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we are all connected, Dalai Lama, New Orleans, kindness, compassion, Miquette Bishop, OM, OM by Miquette, Saunderstown, Rhode Island

There’s one from Bangkok, another from Bangalore . . .

One was rescued from Romania, one child is from China and three originate from Ethiopia. One travelled from Thailand. There are even a couple who came from Connecticut.

Two were born without arms and use their feet as hands. Most have special needs in one form or another. Individually, they’ve got little in common but together, connected, they’re a family. Perhaps the most remarkable family on Earth. They’re the Dennehys.

There are 14 in all: Sharon and Michael (mom and dad), their three biological children, Erin, Marissa and Ryan, and nine adopted offspring. Their names are George, James, Caris, Tamer, Tom, Siobhan, Hope, Kali and Andi. Their story is quite extraordinary . . .

It’s a tale that the Dennehys are used to recounting and one that they’re able to tell far better than us. Take a look at this short film about their lives in Ashland, Virginia, you’ll see what we mean . . .


The Dennehys might not be a conventional family – far from it, in fact – but just because something is considered orthodox doesn’t always mean that it’s the best method.

‘I think our unity and our love for one another is an everyday, unspoken lesson to us and to those around us that this is the way people were meant to live,’ says Sharon. ‘People of different races, ethnicities and abilities, living in co-operation and harmony.’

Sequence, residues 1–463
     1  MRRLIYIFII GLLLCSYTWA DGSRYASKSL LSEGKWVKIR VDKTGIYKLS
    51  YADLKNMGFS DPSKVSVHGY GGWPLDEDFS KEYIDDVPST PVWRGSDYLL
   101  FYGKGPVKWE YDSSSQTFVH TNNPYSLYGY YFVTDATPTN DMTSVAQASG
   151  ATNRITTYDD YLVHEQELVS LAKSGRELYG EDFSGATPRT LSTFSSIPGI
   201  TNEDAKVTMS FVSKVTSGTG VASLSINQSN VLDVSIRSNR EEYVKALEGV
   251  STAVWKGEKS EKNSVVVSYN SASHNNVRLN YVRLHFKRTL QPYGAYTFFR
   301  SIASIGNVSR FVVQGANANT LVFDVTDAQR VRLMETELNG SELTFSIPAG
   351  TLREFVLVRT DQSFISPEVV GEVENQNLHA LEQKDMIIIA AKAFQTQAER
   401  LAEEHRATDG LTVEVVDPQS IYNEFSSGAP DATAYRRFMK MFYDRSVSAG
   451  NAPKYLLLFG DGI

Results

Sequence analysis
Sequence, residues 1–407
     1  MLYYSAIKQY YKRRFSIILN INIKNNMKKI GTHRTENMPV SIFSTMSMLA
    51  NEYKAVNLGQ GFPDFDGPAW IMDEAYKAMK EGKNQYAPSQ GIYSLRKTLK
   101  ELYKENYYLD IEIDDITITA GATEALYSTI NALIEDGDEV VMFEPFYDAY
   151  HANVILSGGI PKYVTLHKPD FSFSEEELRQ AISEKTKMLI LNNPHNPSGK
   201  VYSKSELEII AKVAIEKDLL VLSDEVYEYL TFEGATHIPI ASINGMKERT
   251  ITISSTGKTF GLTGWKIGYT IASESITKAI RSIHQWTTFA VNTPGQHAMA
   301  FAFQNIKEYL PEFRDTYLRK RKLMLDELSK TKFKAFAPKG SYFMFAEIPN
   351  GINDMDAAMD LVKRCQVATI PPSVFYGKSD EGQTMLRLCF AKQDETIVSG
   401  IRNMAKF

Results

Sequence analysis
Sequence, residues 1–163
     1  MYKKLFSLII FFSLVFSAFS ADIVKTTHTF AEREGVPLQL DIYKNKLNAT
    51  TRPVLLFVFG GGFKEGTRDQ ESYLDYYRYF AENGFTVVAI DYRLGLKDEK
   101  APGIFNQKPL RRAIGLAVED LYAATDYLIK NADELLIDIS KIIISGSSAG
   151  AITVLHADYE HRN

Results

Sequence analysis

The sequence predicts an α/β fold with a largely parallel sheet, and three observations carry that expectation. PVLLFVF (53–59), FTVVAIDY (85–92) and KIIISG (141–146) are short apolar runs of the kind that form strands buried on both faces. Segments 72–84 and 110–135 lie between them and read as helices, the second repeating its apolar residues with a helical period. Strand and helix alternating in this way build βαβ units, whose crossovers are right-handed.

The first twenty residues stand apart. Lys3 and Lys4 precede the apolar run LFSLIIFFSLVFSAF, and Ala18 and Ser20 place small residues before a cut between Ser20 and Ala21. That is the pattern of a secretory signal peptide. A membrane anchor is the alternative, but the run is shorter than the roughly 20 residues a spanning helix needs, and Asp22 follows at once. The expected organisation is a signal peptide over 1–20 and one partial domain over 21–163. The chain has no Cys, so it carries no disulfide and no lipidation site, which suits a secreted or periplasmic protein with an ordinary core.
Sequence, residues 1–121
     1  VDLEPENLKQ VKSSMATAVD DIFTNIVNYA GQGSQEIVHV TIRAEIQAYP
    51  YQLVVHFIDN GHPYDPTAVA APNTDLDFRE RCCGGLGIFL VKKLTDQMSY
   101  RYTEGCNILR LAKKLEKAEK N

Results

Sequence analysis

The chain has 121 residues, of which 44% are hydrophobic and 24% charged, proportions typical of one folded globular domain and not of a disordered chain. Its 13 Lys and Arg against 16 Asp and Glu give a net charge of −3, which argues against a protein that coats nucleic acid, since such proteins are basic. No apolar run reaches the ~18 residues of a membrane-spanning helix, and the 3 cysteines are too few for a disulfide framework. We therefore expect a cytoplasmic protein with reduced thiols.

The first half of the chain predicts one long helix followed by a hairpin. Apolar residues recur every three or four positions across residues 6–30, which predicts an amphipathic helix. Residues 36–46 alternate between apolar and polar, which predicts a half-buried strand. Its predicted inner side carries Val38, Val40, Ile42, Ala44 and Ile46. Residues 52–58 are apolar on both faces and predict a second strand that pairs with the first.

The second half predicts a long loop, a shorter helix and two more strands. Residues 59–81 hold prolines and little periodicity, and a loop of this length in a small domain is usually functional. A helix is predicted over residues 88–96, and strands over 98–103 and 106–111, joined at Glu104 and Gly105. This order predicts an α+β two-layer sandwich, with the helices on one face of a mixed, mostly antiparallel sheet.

Here at OM®, where we’re all about unity, harmony, love and co-operation, we couldn’t agree more. Here at OM®, we couldn’t be more inspired.

Here are two people who refused to see the problems, the pitfalls and the logistical difficulties. Here is a couple who saw only people. People less fortunate. People in need.

George’s medical notes, for instance, predicted a bleak future for a disabled Romanian baby, a future that even the doctors expected to prove tragic and short-lived . . .

‘[I saw] a blurred black-and-white photo of a three-month-old boy,’ Sharon recalls. ‘The caption read ‘Little boy born without arms desperately needs a loving home. Healthy and normal in all other ways’. That gripped my heart.’

It grips ours too and it gladdens us that there are such people in our world as Sharon and Michael. Before we go, we’d just like to underline two things that the Dennehys said in the film, two things that have inspired us and two things we’d like you to think about . . .

From Michael, ‘It took me decades to figure this out – that there’s no physical thing that you can buy that is actually going to give you true peace and happiness. The pure joy that can come from the rescue of a child’s life is probably the most satisfying thing you can imagine.’

From Sharon, ‘You see what happens with unconditional love. You give a person unconditional love and they blossom.’

Here’s to the Dennehys, a brilliant, brilliant family, an example to us all . . .


We are all connected.

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